The Tumblr of Newsweek, which still exists, unlike Newsweek, and which is run by the DailyBeast "senior editor for social media," announced a new policy yesterday. "You pin, we unfollow" was the communiqué—by "pinning" they mean the Tumblr commerce initiative wherein, for a small fee, one can make a Tumblr post "adhere" to the top of each follower's dashboard until each follower "clicks" upon the post to make it disappear. (By "unfollow," they meant that they would no longer choose to receive said pinners' posts in their dashboard.) "The pins are like dashboard cockroaches. Turn on the lights every morning and unpin, unpin, unpin, unpin, unpin, unpin, unpin," the [...]
With only 10 issues remaining, the print edition of Newsweek will now serve as Tina Brown's updated résumé. What will she do with these final covers, now that "everyone" (in New York media circles) is watching again?
You can help Tina decide how to make these last issues really shine! We've got the editorial calendar through the final issue, December 31, and can already see some interesting cover possibilities. "Smartest Families: How to Raise a Brilliant Child," holds promise, maybe with Einstein's head on a "regular baby" in a BOB double stroller in Prospect Park, with maybe Steve Jobs' head on the other baby? And "The Hero [...]
Where do you go if you want the traffics and the attention? Straight into the bosom of Jesus! The New Yorker today publishes (subscription-only!) a profile of Lynn Vincent, the best-selling bookwriter that you don't know. She wrote Heaven is Real (oh actually called HEAVEN IS FOR REAL), which has sold more than seven million copies. (And also Sarah Palin's book!) That is eerie, because the cover of Newsweek this week is also headlined "Heaven Is Real." That is some world-class SEO trolling, Tina Brown's Newsweek. But the problem is, the story told in Newsweek by a doctor about going to heaven and coming back does not match up [...]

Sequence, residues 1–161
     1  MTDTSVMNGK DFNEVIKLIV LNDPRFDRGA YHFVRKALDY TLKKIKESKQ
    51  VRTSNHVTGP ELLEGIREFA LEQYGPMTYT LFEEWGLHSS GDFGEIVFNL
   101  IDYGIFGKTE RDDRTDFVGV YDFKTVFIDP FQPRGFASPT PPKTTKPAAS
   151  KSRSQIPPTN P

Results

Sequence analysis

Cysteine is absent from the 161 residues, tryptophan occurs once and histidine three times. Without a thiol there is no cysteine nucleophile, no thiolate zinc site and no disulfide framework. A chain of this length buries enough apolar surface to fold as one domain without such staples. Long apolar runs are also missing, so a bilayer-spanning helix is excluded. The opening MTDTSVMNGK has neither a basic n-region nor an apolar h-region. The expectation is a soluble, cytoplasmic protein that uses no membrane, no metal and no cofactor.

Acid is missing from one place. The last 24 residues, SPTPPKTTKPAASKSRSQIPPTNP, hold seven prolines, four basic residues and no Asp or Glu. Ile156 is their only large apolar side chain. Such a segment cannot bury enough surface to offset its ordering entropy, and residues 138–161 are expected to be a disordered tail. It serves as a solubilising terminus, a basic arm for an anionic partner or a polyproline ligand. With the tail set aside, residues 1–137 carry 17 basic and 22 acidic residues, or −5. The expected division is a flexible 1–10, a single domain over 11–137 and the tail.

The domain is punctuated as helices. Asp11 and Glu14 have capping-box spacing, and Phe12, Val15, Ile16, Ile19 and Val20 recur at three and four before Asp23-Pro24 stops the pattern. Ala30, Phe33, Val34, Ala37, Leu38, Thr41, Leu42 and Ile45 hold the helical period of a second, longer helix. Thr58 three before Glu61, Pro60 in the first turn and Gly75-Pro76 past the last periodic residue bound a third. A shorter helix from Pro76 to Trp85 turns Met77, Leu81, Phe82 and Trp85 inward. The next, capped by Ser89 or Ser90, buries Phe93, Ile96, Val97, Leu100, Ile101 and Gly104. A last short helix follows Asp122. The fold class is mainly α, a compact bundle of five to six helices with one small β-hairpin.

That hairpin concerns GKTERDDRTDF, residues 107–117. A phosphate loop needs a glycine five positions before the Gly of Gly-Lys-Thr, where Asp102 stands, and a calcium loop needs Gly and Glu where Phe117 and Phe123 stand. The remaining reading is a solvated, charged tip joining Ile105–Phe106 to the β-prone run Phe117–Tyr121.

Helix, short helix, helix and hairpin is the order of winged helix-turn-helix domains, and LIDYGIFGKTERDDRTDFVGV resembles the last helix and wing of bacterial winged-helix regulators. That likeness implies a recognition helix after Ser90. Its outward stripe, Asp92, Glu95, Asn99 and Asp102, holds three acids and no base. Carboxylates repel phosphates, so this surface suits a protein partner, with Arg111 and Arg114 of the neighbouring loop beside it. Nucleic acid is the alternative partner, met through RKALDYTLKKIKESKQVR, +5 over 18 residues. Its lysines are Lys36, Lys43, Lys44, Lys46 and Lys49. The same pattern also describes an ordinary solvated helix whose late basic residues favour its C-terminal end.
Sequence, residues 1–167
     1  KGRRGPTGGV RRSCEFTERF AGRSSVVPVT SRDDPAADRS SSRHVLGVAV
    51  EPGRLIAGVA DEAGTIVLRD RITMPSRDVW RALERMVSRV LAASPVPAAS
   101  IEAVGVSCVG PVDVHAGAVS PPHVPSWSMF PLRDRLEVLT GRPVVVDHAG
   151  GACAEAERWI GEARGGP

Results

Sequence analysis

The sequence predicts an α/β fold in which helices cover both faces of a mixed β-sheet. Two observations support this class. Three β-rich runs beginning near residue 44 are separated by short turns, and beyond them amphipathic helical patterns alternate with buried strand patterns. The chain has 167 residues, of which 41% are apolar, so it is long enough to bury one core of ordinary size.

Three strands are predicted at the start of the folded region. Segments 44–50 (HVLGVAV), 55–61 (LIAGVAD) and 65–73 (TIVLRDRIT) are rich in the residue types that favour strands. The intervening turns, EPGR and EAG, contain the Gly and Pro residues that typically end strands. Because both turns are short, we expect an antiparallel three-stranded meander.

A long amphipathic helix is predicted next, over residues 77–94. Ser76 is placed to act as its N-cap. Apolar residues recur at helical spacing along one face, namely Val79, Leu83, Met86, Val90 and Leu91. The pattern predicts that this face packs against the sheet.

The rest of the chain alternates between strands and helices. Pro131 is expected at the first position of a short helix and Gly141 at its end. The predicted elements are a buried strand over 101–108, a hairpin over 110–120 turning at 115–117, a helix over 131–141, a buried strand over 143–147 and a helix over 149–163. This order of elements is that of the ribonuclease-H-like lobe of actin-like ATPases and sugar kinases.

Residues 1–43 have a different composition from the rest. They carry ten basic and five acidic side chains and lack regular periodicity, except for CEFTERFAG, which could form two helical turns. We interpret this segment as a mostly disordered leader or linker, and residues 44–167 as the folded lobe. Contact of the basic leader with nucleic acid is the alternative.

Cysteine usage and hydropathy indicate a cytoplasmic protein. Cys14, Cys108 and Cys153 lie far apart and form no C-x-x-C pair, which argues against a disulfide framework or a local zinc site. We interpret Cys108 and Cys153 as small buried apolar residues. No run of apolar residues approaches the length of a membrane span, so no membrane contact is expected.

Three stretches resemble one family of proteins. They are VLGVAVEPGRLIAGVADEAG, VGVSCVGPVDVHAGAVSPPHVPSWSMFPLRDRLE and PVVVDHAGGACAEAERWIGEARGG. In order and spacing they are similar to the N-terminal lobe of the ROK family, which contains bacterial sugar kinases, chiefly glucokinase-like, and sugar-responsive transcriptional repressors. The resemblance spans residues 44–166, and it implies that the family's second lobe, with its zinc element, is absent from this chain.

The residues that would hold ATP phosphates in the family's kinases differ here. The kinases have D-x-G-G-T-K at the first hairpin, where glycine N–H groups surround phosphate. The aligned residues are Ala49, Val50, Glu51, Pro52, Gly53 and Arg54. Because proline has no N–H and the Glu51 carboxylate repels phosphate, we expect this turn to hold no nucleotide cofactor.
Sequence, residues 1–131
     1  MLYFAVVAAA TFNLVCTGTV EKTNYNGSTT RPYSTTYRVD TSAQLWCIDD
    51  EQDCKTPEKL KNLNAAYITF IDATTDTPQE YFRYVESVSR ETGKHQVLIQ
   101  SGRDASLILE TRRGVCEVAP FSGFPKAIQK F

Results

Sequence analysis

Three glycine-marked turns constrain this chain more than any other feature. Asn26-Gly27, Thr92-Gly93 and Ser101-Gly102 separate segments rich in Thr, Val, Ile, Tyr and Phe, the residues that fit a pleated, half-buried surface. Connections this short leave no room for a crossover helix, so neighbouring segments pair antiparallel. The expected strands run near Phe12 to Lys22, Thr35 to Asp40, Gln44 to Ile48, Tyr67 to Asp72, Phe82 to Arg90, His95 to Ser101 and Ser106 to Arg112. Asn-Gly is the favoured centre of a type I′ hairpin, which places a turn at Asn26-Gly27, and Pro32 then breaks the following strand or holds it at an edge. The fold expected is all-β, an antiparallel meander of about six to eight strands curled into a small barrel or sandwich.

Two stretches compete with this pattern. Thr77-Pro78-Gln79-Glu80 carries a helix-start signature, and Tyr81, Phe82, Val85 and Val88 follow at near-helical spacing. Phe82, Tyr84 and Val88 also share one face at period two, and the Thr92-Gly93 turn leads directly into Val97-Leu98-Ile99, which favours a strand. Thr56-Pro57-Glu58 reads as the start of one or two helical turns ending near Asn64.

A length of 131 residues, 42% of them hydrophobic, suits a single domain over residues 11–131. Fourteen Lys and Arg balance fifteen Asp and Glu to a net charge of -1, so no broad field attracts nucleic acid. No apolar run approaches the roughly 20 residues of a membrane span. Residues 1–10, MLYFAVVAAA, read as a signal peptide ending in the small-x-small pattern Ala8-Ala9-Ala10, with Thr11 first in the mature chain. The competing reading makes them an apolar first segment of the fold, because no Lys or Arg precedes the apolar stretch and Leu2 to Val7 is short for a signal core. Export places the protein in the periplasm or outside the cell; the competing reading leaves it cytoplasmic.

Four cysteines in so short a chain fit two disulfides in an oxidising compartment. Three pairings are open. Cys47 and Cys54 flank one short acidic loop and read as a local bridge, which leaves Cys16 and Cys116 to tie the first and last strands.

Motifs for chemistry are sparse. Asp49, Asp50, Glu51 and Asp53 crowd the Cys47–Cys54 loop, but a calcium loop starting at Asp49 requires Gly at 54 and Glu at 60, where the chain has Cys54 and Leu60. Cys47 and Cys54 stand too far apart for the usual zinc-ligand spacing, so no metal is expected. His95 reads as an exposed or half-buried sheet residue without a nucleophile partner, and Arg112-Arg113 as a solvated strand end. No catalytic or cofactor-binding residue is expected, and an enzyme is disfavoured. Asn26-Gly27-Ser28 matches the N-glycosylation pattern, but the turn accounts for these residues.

Once upon a time there was a princess who lived in a castle before she ran away and married an ogre. Together they spawned Talk, a magazine sprinkled with synergy dust and celebrated across the land. It was so wonderful, it only lasted two years….
Here are some of the things you'd learn reading the June/July 2000 issue of current Newsweek/Daily Beast honcho Tina Brown's Talk: Now that he's 18, Prince William ("'Wills,' his mother called him") "needs a bride"; Erica Jong burned her prenup with husband, Ken Burrows; Gigi Levangie Grazer "lives in Pacific Palisades with her second husband, superproducer Brian Grazer"; "Amy Smart has played it like her [...]
Not just two white men are without jobs, though they're the nice anecdotal evidence for the cover of Newsweek, which announced "The Beached White Male." Oh, you do not say: "Through the first quarter of 2011, nearly 600,000 college-educated white men ages 35 to 64 were unemployed." Oh but wait, do not make fun: "It might be tempting to snark at these former fat cats suffering lean times. But when Beached White Males suffer, so do their wives and children." (There are about 52 million married white men in the U.S., by the way.) But it's still safe to say this thesis doesn't have anything to do with [...]
David Cho: I love it when Tina Brown takes a metaphor too far. Choire Sicha: SO GOOD. David Cho: We should buy a magazine. Which ones are available? Choire Sicha: Alex and I have a short list. David Cho: A VERY SHORT LIST? Choire Sicha: Oh heh. Well, we were thinking… Barely Legawl? Choire Sicha: Or what about Detawls? David Cho: Hmm. Choire Sicha: Wawlpaper??? David Cho: I guess that would be appropriate. Cookieawl. Am I doing this right??? Choire Sicha: …. Choire Sicha: Well, I also really want Monocawl. David Cho: Tawlk. There's one for you. Choire Sicha: Ouch.